19. 19. Autosomal recessive inheritance Recessive trait is expressed only in homozygote state. The homozygote receives one abnormal gene from each parent. The trait typically appears only in siblings. A heterozygote for an autosomal recessive trait is called carrier.
    20. 20. Pedigree analysis
    21. 21. Punnett square
    22. 22. Examples of AR inheritance: Many inborn error of metabolism. - Albinism - Galactosemia - Phenylketonuria. - Mucopolysaccharide disorders (Hurler’s Syndrome, Tay-Sachs disease) Haemoglobinopathies - Sickle cell anaemia. - Thalassemia Immunoglobinopathies Cystic fibrosis.
    23. 23. Thalassemia Syndrome Thalassa / Sea Mediterranean sea Mediterranean or Cooley’s Anaemia Normally 4 globin chains 2 alpha: chromosome 16 2 beta: chromosome 11 Two types - alpha thalassemia - beta thalassemia beta thalassemia common in india
    24. 24.  Incidence: 2-14% Sindhis & Kutchis 2-5% in northan & eastern india Punnett square Heterozygotes carrying trait phenotypically normal or mildly anaemic, low MCV & MCH
    25. 25.  Balanced polyomorphism: resistance to P.falciparum infection Clinical Features1. Fatigue (feeling tired) and weakness2. Pale skin or jaundice (yellowing of the skin)3. Protruding abdomen, with enlarged spleen and liver4. Dark urine5. Abnormal facial bones and poor growth
    26. 26. Beta Thalassemia Trait slight lack of beta globin smaller red blood cells that are lighter in colour due to lack of hemoglobin no major symptoms except slight anemia
    27. 27. Beta Thalassemia Intermedia lack of beta globin is more significant bony deformities due to bone marrow trying to make more blood cells to replace defective ones causes late development, exercise intolerance, and high levels of iron in blood due to reabsorption in the GI tract if unable to maintain hemoglobin levels between 6 gm/dl – 7 gm/dl, transfusion or splenectomy is recommended
    28. 28. Beta Thalassemia Major complete absence of beta globin enlarged spleen, lightly coloured blood cells severe anemia chronic transfusions required, in conjunction with chelation therapy to reduce iron (desferoxamine)
    29. 29. More Permanent Options Bone Marrow Transplants  Replacing patient’s marrow with donor marrow  First performed on thalassemia patient in 1981  Difficult, because donor must be exact match for recipient  Even a sibling would only have a 1 in 4 chance of being a donor Cord Blood Transplants  Rich in stem cells  Also needs to be an exact match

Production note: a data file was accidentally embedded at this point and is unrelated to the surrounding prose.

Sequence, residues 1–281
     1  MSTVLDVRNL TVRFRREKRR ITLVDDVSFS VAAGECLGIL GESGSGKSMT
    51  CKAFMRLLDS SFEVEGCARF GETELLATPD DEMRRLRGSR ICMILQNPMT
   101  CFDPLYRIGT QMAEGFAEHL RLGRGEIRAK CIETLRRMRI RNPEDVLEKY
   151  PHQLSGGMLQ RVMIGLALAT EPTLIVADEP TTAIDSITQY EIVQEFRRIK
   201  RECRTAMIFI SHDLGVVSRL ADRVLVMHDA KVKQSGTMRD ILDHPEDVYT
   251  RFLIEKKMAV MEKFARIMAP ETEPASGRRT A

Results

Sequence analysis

30. 30. Cystic fibrosis AR disorder. mutations in the cystic fibrosis transmembrane conductance regulator (CFTR) gene. Incidence : in caucasians 1 in 2000/ 3000. in general population 1 in 17000. CFTR controls chloride ion movement in and out of the cell.
    31. 31.  Clinical presentation: - chronic lung disease - recurrent respiratory tract infection. - cardiac failure, - chronic pancreatitis, - malabsorption, - meconium ileus, - liver cirrhosis.
    32. 32. Mucous in the airways cannot be easily cleared from the lungs.
    33. 33. Pancreas ColonSticky mucus secretion Ducts are filled with sticky mucus. Scaring of tissue.
    34. 34.  Locus: 7q31.2 - The CFTR gene is found in region q31.2 on the long (q) arm of human chromosome 7. Gene Structure: The normal allelic variant for this gene is about 250,000 bp long and contains 27 exons.
    35. 35. Diagnosis : - Elevated level of sodium and chloride in sweat, - Trypsin in blood elevated, - gene mapping of CF locus.Treatment: replace the defective gene clear the abnormal and excess secretions and control infections in the lungs, and to prevent obstruction in the intestines.
    36. 36. Gene Therapy Gene therapy is the use of normal DNA to "correct" for the damaged genes that cause disease. In the case of CF, gene therapy involves inhaling a spray that delivers normal DNA to the lungs. The goal is to replace the defective CF gene in the lungs to cure CF or slow the progression of the disease.